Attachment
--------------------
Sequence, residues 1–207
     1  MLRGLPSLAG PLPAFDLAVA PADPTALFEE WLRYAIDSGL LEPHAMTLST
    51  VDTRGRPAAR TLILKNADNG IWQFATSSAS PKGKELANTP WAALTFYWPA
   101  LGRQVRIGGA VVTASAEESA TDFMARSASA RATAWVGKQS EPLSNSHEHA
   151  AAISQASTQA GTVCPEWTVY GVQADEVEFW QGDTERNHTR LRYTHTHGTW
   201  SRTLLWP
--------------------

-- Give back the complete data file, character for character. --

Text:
Sequence, residues 1–207
     1  MLRGLPSLAG PLPAFDLAVA PADPTALFEE WLRYAIDSGL LEPHAMTLST
    51  VDTRGRPAAR TLILKNADNG IWQFATSSAS PKGKELANTP WAALTFYWPA
   101  LGRQVRIGGA VVTASAEESA TDFMARSASA RATAWVGKQS EPLSNSHEHA
   151  AAISQASTQA GTVCPEWTVY GVQADEVEFW QGDTERNHTR LRYTHTHGTW
   201  SRTLLWP